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What You Can Do to Help Prevent Suicide


Image is from HuffPost

A Strange Phenomenon

Strangely, suicide seems to be more prevalent in first-world countries, or countries who deal with more temperate and sustainable living conditions. Consider this map. On it you can see the distribution of suicides per population across the world. What you’ll notice is that many developed nations in the “First” or “Second” world have greater rates of suicide than nations in the “Third” world. Certainly the distribution isn’t even. Some first world countries have very few suicides, some third world countries (North Korea comes to mind) have worse rates of suicide. China, India, and Russia seem to be the three countries that have the greatest problem with this issue. Europe and the United States follow quickly thereafter. But in Africa, there is hardly any suicide. The southernmost tip is colored white, indicating the lowest rate.

That seems strange, doesn’t it? In a nation ripped apart by constant tribal contest, shifting regimes, and apartheid, suicide is at its lowest. The sun is always hot, lions, hyenas, and snakes abound, conflict is continuous, HIV rampantly plagues the country–and yet it has the lowest rate of suicide. What in the world is going on?

Understanding The Disparity

There’s a parable about a young girl who rescued a squirrel and peeled the nuts it liked so it didn’t have to exert itself. The squirrel’s teeth grew too long and it couldn’t eat, so it starved to death and died. The moral of the story is that sometimes that which seems like drudgery is that which keeps us alive, and gives us a reason to go on living. If you’re a parent in the middle of a political crisis and fighting off AIDS, you can’t kill yourself because you’ve got a family depending on you providing protection.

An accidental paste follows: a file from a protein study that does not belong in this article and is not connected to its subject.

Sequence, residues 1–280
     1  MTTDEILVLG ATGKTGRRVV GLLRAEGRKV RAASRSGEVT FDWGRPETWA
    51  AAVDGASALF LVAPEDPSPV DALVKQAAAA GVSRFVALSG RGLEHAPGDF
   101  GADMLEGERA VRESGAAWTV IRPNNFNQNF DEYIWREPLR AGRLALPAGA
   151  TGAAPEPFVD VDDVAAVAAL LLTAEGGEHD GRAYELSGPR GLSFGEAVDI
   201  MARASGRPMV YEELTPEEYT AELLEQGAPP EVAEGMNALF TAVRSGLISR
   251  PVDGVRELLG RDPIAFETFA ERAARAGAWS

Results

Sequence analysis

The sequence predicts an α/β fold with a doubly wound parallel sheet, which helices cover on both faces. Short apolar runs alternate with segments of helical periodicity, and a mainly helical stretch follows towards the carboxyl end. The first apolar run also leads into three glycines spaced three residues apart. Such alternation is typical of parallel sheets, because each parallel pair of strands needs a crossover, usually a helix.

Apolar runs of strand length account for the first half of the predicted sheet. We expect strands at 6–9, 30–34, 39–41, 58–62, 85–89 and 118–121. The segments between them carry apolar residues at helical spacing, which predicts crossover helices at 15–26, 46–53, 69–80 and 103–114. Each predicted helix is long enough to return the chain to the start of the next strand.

Is this the solution to first and second-world suicide? Well, yes and no. See, the other thing you’re more likely to find in third world countries is close community connection. Because of the difficult circumstances which define life in these areas, people are forced to rely on one another. In this way a village is less like a small town in America, and more like a large family that’s centrally located. Everyone has a part to play, and everyone in the community cares about everybody else. There may be infamy, there may be aggrandized rumors, but what is fostered here is identity.


People know who they are, and what makes them worthwhile. They have a stationary mooring point. If you want to break it down, you could distill the concept to caring about your neighbor like you care for yourself. Now who does that in America today? Or Russia, or China, or most of Europe? The developing world seems caught up in catch as catch can, dog-eat-dog thinking, and the indefatigable “look out for number one” argument. All these things serve to do is isolate people from community and encourage selfishness, which naturally leads to depression. Let’s face it: everybody at their core has some dark nature which doesn’t reconcile with personal image. Without a community to be involved in, that inner darkness takes over, and it can be hard to find the will to live.
Meanwhile, when you’re in a community, in a group, with people who care, you’ve got a reason to exist. The best thing you can do to prevent suicide is reach out and include people. Make them part of something. Keep people from isolation if at all possible. Even the hermit must come to town for supplies; so chat him up at your general store. This helps prevent suicide.


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